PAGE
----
Great grassland depends on timing and technique

With thorough soil preparation and a good sowing technique, you can get many more of your forage seeds to germinate and grow.


Your soil must be ready

A productive sward starts with well-prepared soil. Before you sow, prepare your field for seed germination and subsequent plant growth. Plough and harrow the field, then follow up by rolling to keep the surface moist. This vital routine creates an even seedbed with enough moisture for quick and even germination.

The best times to sow are spring or late summer/early autumn when soil temperatures and moisture levels are just right for good and fast germination.

Good seed-to-soil contact is essential

The diagram below represents seedlings in three seedbeds. The darker band shows where the moisture is in the soil. Bed number 1 has established well because the seed has been sown evenly and to the right depth to reach moist soil. In bed number 2, poor harrowing has created an uneven distribution of moisture. Some seeds have developed well, but others failed to reach any moisture. In bed number 3, establishment was poor because preparation went too deep. If rain does not come soon, very few plants will develop.

When the soil is dry or light, drilling is often more successful than broadcasting. However, drilling in rows leaves more room between the rows for weeds to grow. One way to reduce this effect is to drill twice over with drill lines crossing at an angle. Broadcasting generally gives better distribution and ground cover, but the soil must cover the seed and the seed must make good contact with moisture. Whichever method you choose, you will need 25 to 35kg of seed per hectare.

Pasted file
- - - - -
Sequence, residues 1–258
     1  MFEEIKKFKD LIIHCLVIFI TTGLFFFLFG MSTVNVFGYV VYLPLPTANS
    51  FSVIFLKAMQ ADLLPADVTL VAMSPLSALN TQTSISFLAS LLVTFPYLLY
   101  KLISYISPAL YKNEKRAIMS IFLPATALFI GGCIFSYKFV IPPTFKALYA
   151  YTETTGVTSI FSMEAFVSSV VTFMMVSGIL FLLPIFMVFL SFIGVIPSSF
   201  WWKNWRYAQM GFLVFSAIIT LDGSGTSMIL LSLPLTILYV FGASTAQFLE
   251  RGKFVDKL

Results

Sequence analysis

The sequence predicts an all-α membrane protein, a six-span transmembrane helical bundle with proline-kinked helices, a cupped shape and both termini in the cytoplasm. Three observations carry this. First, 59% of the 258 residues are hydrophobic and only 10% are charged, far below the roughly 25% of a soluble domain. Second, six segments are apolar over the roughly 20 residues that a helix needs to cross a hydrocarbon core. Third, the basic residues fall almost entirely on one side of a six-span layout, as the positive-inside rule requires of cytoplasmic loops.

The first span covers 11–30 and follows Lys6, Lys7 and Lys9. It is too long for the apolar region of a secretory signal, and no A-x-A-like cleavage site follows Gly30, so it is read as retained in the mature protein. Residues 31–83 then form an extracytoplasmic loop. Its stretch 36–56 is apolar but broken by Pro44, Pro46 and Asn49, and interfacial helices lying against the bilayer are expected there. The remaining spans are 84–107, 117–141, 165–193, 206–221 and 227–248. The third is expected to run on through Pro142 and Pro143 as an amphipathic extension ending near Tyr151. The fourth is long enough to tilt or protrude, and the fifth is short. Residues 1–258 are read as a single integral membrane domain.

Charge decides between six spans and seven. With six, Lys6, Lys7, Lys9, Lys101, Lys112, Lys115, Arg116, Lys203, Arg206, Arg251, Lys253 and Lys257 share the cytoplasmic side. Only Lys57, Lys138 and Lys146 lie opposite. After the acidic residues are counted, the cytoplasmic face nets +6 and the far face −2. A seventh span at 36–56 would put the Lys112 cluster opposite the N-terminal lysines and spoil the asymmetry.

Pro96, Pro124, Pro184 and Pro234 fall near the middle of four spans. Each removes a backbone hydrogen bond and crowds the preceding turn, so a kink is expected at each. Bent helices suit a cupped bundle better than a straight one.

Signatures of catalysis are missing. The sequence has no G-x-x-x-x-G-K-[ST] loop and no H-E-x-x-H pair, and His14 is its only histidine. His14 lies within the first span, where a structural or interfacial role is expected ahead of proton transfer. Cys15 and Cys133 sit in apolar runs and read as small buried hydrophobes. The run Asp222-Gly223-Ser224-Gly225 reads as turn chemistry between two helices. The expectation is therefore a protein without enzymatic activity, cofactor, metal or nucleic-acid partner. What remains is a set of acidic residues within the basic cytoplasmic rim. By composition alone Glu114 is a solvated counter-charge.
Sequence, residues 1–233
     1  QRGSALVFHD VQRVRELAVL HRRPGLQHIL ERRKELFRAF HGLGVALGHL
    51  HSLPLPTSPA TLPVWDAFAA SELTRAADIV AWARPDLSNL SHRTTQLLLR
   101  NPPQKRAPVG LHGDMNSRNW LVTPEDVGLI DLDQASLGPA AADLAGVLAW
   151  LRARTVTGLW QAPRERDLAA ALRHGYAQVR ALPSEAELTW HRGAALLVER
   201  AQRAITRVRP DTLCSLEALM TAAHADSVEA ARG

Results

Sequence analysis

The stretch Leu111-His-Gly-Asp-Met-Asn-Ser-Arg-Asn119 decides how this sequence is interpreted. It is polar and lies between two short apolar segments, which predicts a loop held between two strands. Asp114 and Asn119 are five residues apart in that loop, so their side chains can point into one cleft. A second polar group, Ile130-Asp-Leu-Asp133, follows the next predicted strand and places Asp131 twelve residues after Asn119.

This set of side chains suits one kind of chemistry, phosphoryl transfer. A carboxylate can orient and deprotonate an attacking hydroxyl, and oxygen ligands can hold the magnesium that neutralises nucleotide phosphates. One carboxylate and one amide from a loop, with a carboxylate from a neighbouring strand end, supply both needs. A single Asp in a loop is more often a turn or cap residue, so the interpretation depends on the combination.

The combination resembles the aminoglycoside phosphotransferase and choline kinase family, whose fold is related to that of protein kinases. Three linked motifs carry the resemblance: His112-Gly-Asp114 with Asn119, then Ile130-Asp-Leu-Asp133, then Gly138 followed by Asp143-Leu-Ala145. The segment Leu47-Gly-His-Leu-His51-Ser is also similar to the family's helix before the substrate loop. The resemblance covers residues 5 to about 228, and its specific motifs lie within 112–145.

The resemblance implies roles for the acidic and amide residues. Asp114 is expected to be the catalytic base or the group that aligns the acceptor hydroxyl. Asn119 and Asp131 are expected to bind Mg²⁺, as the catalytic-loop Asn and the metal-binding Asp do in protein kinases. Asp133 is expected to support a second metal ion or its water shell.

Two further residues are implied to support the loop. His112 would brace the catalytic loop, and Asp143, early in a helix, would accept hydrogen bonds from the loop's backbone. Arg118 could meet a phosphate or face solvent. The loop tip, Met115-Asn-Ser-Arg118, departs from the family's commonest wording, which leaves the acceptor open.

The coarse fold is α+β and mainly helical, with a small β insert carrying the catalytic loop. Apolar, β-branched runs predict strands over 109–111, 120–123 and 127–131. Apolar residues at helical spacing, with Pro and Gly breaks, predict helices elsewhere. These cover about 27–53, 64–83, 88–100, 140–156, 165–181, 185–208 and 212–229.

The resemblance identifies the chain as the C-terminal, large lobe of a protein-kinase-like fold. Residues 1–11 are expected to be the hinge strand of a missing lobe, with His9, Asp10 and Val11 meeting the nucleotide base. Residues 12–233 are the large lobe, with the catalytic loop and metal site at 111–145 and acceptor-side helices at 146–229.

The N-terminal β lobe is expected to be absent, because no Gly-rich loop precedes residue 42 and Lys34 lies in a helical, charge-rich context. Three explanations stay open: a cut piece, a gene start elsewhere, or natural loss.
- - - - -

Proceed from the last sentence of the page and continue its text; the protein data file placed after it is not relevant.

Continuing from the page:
Keep seed depths shallow

Do not seed too deep. Grass seeds should never go deeper than 1 to 2cm; clover seeds should not go beyond 0,5 to 1cm. In a pure stand, ryegrasses can go deeper – 3 to 4 cm should be fine. In the main, it is legumes and grasses with small seeds that respond badly to deep sowing. The table below shows, for a range of forage species, how depth of sowing alters the percentage of seeds that develop.

A good result: 1 out of every 5 seedlings survive

In a good sward establishment, 15 to 25% of the seedlings will survive for several months. For the best results, aim for around 300 to 500 plants per square metre and 10 to 12 tillers per plant. That is equivalent to 3.000 to 6.000 tillers per square metre.

Surviving seedlings

  Typical seed weight, g/1000 seed Seeding depth
    1 cm 2 cm 4 cm 6 cm
White clover 0,7 40 34 8 0
Red clover 1,8 42 39 17 0
Lucerne 2,0 38 35 11 0
Italian ryegrass, T 3,8 76 73 57 32
Italian ryegrass, D 2,2 75 68 43 13
Perennial ryegrass, D 2,0 62 63 45 11
Meadow fescue 2,0 48 40 8 2
Red fescue 1,0 64 53 12 1
Cocksfoot 1,0 47 35 11 2
Timothy 0,4 34 10 0 0
Smooth-stalked meadow-grass 0,2 30 12 0 0

Data gathered during pot trials in Denmark.

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